Further Reading

Welcome to Hastlayer's blog! It contains the latest news and announcements.

v2.1.1 is released

The v2.1.0 version of Hastlayer was the first one that made it usable from NuGet packages as well, making it a lot easier for you to use it from your app. The new v2.1.1 release published today builds on top of that, adding some bug fixes. Check out the details of this release on GitHub.

Hastlayer now available on NuGet

Previously, you had to use Hastlayer from source. But not anymore! We've just published Hastlayer on NuGet: https://www.nuget.org/packages/Hast.Layer/. This of course makes it a lot easier for you to add Hastlayer to your project. We've also updated the getting started guide so check it out and start accelerating your .NET apps! So, are you writing hardware-accelerated .NET apps for satellites yet? (Yep, this is one of the things Hastlayer makes possible!)

Hastlayer is now fully open-source!

We at Lombiq are quite fond of open-source: The company was born out of open-source, and we have a huge amount of open-source activities. However, until now, Hastlayer wasn't fully open-source. This is because the hardware transformation, so the secret sauce that turns your .NET apps into their own processors, was, well, secret. Not anymore though! We recognized that building a business model of Hastlayer where we license closed-source software goes against our DNA. It's not something that aligns with how we work otherwise, we don't like it, and it doesn't go as smoothly as it can with open-source. So, back to what we believe in the most: Great software, out in the open. If you want Hastlayer to support new hardware devices (FPGAs), then we have good news too: The Hastlayer Timing Tester app is now open-source as well. You can use this to create the timing values required for hardware designs, which is at the core of creating a driver for a new device. Do you want to deep dive into the magic of what makes Hastlayer tick? Just head over to the SDK repository! We're really excited to see where you, the development community, will steer Hastlayer!

Supporting large Catapult FPGAs - Hastlayer v1.1 is here!

It's been a long time without a release, but now we're finally there: Hastlayer v1.1 is out with a lot of improvements! The biggest one is the support for the large FPGAs of Microsoft's Catapult platform. Hastlayer is now ready for complex high-performance applications! At one point a small and brave team at Microsoft thought about using FPGAs to accelerate Bing searches. This experiment proved to be a success, and thus the Project Catapult was born. Later these Catapult FPGAs found their way into all Microsoft datacenters, being used first for networking tasks and then also to build a Machine Learning accelerator, Project Brainwave. Due to its availability on Windows Catapult picked our interest and we started to make Hastlayer compatible with it. After the small development board that Hastlayer initially supported this was promising to be a huge leap in performance - but also a much harder task to complete than we initially thought. With the help of Andrew Putnam and others from Microsoft Research, and the Texas Advanced Computing Center, where Catapult nodes are available, we eventually got it done: Now it's ready and you can use these powerful FPGAs too! Everything you need to know is written in the getting started guide of the SDK. Catapult is not the only thing that ships with this release, however: there are a wealth of other shiny new parts of Hastlayer for you to check out. There are several new examples (also a Monte Carlo simulation and one written in F#), new pseudo-random number generators, tons of performance improvements and bugfixes. Check out the full release notes on GitHub. What are you gonna build if you have the power of bare metal hardware?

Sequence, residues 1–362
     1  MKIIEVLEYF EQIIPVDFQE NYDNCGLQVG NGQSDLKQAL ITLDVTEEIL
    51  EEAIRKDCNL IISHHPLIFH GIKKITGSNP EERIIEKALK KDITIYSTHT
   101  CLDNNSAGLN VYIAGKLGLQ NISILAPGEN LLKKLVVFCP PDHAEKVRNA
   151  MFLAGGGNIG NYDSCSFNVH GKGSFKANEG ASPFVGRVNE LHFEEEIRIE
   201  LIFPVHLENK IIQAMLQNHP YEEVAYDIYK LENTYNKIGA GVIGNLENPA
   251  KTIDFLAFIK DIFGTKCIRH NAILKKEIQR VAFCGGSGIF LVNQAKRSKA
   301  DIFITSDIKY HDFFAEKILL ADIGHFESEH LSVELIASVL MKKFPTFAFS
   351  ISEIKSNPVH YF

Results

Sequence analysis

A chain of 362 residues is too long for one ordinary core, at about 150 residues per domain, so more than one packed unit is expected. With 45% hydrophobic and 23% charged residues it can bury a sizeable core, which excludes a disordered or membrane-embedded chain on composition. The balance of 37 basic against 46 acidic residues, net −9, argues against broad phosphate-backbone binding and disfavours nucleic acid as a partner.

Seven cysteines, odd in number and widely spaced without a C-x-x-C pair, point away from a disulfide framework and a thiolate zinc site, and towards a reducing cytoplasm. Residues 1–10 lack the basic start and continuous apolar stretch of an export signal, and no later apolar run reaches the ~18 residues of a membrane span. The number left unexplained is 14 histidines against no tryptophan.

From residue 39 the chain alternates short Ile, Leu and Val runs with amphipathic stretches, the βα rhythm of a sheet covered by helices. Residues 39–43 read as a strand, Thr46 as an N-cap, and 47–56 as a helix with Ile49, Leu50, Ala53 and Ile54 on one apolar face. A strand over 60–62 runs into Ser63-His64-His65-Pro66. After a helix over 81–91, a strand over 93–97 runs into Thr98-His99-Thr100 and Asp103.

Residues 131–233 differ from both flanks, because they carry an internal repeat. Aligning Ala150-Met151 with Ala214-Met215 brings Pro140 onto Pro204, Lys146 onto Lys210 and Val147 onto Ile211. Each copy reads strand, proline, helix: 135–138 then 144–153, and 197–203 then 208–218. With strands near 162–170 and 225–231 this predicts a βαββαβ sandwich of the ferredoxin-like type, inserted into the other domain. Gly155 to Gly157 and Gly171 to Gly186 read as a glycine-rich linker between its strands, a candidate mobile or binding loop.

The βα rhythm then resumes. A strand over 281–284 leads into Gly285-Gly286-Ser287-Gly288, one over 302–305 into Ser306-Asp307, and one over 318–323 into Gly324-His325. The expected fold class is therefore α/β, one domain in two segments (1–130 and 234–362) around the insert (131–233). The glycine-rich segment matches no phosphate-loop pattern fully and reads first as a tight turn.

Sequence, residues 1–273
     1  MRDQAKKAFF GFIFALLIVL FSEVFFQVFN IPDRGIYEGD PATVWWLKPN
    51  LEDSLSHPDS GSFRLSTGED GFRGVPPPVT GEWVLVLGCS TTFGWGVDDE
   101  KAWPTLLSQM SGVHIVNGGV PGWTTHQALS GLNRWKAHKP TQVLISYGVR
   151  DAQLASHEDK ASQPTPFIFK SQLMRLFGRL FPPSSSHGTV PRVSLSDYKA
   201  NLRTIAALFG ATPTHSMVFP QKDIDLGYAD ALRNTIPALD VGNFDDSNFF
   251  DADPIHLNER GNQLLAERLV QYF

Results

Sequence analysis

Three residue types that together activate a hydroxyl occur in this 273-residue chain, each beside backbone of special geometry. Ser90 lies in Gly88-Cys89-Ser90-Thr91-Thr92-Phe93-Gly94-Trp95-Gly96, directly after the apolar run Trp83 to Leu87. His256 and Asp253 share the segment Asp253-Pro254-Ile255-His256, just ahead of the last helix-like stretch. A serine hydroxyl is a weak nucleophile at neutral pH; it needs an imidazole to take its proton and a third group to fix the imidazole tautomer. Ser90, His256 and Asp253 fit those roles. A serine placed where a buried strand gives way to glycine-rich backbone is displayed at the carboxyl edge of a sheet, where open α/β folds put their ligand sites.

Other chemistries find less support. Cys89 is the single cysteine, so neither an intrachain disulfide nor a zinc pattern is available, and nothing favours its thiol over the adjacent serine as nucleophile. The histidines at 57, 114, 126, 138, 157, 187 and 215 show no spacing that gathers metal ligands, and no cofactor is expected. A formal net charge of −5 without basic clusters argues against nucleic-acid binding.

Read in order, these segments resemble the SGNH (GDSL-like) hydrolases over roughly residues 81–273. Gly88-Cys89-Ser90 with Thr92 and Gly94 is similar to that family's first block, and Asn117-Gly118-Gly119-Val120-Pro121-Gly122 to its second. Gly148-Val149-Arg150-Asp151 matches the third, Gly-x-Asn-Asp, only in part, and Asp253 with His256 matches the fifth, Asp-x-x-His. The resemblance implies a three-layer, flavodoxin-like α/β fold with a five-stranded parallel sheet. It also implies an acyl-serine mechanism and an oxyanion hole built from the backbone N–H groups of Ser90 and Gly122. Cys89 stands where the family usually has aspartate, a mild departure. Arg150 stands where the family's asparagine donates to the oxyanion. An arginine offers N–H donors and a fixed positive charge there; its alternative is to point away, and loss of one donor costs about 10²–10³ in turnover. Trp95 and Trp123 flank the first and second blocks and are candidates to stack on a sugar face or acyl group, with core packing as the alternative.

New timing values and why you should care - Hastlayer v1.0.10 released

Today we've released v1.0.10 of Hastlayer. This is mostly a bugfix release, but there is one important detail we've changed: Timing values. What are timing values and why is this a good thing? Basic operations can take a various amounts of time on the hardware that Hastlayer generates. Some operations are fast and take less than a clock cycle (like adding two 8b integers) while some other operations take more than one (like multiplying two 32b integers). Hastlayer can calculate how long an operation (or rather, a chain of operations) will take, and thus can create the best suitable hardware implementation: It will pack as many operations as possible into a single clock cycle. This is one of the reasons behind the hardware implementation's improved clock cycle (and power) efficiency: Even without parallel execution a lot can happen in a single clock cycle. How long operations take is based on hardware timing values. With this release we've updated these values after improving how we measure them. The result is that while in certain cases hardware execution will be slightly slower (and in some cases slightly faster) in all cases it will be more reliable: While previously it could happen that the hardware implementation gave a wrong result due to timing issues, now this should be very rare. As a cherry on top most hardware implementations now use fewer resources on the FPGA, so you can fit more logic onto the same chip. You can grab the new version from GitHub, or if you have the SDK repository cloned, just pull the changes. We hope you'll see your Hastlayer hardware implementations fly even better now! And if you have any issues, get in touch with us!